Located in southwestern Inner Mongolia in northern China, the Ulan Buh Desert (UBD) has evolved significantly during the Holocene. The northern desert is adjacent to Hetao Plain, an important agriculture area since the Han Dynasty (~ 200 B.C.). A series of aeolian sand–lacustrine sequences from the desert were measured and dated by using differential global positioning system (DGPS) and optically stimulated luminescence (OSL) technologies respectively. These lacustrine remains with similar deposit sequences have almost identical elevations and depositional ages, indicating that they belonged to a unified paleolake. In addition, the Holocene paleolake/desert evolution process in UBD is established. Aeolian activity prevailed before ~ 8.3 ka, and a unified Ulan Buh Paleolake containing the modern Jilantai Salt Lake covered the northern desert during 7.8–7.1 ka ago. The paleolake shrank and broke apart after 6.5 ka ago. Thereafter, the paleolake evolved into the modern UBD and Jilantai Salt Lake. The study of one sand–lacustrine section at the southern edge of Hetao Plain shows that the Tushenze Paleolake had a similar evolution process to Ulan Buh Paleolake, though they may not be connected to each other, as suggested by the elevation difference. The Ulan Buh desert–lake evolution was likely due to the climate changes in the monsoon-influenced region during the early–middle Holocene.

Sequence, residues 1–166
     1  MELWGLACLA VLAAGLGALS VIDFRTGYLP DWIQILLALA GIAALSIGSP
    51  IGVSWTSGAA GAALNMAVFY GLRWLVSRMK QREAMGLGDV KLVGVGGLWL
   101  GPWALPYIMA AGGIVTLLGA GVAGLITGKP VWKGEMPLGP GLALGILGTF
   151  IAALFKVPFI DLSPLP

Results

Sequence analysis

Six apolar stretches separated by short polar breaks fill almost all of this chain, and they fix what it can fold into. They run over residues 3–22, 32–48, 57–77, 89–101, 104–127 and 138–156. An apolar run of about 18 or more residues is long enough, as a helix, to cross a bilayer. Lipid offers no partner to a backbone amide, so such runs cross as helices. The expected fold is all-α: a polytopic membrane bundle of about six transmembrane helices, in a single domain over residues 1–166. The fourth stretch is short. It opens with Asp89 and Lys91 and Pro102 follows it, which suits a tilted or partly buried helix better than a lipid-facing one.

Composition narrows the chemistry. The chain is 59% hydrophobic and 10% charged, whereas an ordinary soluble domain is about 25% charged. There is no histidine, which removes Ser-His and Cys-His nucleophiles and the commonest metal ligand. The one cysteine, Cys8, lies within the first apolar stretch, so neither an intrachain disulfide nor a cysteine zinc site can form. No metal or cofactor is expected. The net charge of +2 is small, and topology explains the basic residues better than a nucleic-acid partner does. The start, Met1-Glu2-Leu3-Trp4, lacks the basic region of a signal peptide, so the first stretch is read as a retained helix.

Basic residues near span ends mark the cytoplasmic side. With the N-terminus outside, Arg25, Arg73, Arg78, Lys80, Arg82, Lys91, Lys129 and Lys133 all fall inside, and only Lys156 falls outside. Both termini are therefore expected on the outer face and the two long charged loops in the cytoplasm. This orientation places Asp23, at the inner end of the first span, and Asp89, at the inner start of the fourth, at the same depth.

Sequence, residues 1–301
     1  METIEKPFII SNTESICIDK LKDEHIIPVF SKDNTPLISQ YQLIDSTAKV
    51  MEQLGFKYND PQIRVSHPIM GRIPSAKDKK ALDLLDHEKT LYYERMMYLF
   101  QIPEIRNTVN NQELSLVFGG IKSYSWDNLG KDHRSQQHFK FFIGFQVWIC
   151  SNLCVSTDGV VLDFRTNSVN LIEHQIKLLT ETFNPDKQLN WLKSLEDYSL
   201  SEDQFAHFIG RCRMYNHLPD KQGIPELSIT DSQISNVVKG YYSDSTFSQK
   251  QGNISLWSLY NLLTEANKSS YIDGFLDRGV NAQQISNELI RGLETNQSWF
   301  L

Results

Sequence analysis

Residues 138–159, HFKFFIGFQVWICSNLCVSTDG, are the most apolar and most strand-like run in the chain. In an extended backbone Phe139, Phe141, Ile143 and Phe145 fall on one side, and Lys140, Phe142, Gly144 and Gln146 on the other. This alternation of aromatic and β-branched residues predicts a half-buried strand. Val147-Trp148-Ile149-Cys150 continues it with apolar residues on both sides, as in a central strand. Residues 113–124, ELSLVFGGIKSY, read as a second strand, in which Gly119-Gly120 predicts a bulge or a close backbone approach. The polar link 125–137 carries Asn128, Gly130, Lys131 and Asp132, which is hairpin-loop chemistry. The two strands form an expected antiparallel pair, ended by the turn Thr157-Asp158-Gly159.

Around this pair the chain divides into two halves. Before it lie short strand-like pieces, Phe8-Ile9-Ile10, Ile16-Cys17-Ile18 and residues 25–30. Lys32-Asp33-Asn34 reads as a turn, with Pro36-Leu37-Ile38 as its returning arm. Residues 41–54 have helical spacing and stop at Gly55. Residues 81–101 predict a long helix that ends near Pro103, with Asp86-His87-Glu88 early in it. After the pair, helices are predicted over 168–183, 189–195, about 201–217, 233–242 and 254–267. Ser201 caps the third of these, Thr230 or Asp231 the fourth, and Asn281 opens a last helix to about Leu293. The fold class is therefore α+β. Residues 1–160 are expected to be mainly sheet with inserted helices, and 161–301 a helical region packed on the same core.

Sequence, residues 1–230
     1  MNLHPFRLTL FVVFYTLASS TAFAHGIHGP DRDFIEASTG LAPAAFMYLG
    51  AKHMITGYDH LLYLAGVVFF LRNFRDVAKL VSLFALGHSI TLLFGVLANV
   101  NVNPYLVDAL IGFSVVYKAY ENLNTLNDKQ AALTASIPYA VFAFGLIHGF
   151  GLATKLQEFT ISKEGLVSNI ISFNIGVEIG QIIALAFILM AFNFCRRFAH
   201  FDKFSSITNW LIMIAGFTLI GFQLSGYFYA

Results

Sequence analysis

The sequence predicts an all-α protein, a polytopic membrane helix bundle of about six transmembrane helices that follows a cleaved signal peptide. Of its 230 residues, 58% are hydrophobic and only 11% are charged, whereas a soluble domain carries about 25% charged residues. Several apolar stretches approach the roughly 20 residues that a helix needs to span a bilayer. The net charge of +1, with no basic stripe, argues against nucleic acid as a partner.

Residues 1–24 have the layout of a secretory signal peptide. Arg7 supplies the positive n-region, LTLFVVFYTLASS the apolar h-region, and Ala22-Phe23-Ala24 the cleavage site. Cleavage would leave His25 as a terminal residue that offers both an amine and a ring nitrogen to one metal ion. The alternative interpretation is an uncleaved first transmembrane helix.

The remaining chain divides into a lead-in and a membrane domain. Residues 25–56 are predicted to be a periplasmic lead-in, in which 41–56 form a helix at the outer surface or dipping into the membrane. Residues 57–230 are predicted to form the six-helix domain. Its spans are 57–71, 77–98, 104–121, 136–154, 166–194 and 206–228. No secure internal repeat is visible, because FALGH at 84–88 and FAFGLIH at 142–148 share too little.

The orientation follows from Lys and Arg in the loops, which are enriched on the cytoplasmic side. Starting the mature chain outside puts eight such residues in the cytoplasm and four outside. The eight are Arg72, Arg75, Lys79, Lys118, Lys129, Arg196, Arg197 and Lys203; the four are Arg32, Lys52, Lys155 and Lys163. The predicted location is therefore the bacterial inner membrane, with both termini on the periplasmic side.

"Palaeogeography, Palaeoclimatology, Palaeoecology" – Elsevier
Published: May 1, 2012
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